Daf Yomi

Why Daf Yomi?

by Herman Wouk
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WHY DAF YOMI? Talmud Study Herman Wouk

Daf Yomi: Tossed into a stormy sea when his ship was wrecked, the great Talmudic sage Rabbi Akiva was given up for lost. This is how he later described his miraculous rescue to Rabbi
In the Talmudic method of text study, the starting point is the principle that any text that is deemed worthy of serious study must be assumed to have been written with such care and precision
Gamaliel: "A daf (plank) from  the  ship suddenly appeared as a salvation, and I just let the waves pass over me." When Rabbi Meir Shapiro, the rabbi of Lublin between the two World Wars, initiated the program for Jews all over the world to study the same daf yomi (daily page of Talmud), he explained the significance of this undertaking by paraphrasing Rabbi Akiva: "A daf is the instrument of our survival in the stormy seas of today. If we cling to it faithfully all the waves of tribulation will but pass over us." The entire Talmud is covered in seven years by those who keep to the prescribed daily pace. Study groups and individuals throughout the world are now in the second half of the seventh cycle of daf yomi. One individual is the author,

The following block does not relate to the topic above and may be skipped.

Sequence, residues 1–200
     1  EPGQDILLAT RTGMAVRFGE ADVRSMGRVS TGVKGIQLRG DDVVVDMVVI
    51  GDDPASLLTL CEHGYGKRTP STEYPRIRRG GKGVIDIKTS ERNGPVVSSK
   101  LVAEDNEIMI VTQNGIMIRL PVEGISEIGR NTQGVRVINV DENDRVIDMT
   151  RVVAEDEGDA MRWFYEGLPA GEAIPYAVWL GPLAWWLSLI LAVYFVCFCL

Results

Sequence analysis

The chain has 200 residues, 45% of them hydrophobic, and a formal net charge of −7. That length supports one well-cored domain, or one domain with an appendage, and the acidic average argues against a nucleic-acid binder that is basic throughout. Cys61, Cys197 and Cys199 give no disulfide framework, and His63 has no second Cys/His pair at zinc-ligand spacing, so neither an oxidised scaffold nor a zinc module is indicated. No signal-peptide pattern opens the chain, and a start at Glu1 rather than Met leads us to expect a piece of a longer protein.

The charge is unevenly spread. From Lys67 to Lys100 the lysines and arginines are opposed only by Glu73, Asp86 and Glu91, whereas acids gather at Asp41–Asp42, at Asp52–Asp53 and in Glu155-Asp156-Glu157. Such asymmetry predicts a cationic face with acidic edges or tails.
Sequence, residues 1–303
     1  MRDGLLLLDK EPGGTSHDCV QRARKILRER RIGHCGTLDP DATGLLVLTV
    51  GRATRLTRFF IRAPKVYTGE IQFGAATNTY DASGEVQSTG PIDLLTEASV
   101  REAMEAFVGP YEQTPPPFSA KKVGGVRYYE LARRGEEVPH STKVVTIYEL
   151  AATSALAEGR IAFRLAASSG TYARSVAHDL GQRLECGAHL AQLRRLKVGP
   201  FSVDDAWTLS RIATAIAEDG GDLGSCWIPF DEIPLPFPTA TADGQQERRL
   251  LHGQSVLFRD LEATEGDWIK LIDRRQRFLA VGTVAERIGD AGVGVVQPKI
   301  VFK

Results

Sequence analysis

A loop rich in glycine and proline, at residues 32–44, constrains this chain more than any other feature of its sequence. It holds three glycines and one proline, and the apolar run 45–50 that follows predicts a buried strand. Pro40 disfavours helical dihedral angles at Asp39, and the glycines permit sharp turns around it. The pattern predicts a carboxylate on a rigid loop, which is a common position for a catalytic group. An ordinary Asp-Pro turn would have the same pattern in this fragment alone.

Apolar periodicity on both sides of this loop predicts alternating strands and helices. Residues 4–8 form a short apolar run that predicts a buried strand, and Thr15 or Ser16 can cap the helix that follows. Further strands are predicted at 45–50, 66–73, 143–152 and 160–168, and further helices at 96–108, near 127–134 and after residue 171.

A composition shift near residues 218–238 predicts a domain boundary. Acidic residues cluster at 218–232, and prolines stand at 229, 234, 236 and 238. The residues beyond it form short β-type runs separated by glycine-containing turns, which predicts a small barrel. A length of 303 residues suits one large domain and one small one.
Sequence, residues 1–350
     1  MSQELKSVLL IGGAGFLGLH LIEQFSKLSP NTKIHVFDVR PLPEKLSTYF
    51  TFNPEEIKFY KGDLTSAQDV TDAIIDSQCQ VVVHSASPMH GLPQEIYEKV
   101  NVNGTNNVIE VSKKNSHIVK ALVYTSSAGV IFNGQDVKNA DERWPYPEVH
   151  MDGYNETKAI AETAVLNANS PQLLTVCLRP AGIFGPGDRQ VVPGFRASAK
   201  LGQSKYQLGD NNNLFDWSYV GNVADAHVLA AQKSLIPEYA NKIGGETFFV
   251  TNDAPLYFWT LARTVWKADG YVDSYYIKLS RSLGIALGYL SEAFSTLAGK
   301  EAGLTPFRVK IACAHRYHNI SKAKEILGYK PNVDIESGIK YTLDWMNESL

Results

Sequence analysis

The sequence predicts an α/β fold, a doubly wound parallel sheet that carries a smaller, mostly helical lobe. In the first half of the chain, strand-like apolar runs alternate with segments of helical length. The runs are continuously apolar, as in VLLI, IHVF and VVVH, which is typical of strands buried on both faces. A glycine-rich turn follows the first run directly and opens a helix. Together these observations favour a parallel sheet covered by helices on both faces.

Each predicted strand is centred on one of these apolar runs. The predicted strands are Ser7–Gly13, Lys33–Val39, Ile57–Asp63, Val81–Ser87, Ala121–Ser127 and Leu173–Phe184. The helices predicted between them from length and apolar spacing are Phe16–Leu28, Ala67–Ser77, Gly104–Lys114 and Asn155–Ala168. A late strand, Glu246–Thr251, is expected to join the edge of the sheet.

Because by now the Talmud is in my bones. Its elegant and arcane ethical algebra, its soaked-in quintessential Jewishness, its fun, its difficulty, its accumulative virtue ("I learned a 'blatt' today, I've learned forty 'blatt' this year") all balance against the cost in time and the so-called "remoteness from reality." Is 'Lear' closer to reality? I think they are about as close ('l'havdil,' as my rabbi would interject) in different ways, and that the Talmud is holy besides.   Anyway, I love it. That's reason enough. My father once said to me, "If I had enough breath left in me for only one last word, I'd say to you, 'Study the Talmud.' " I'm just beginning to understand him. I would say the same thing to my own sons. Above and beyond all its other intellectual and cultural values, the Talmud is, for people like us, 'identity,' pure and ever-springing.
Herman Wouk,
unpublished diary, 16 January 1972.

Herman Wouk, who here, in a never-before-published page from his diary, described his experience with the daily daf.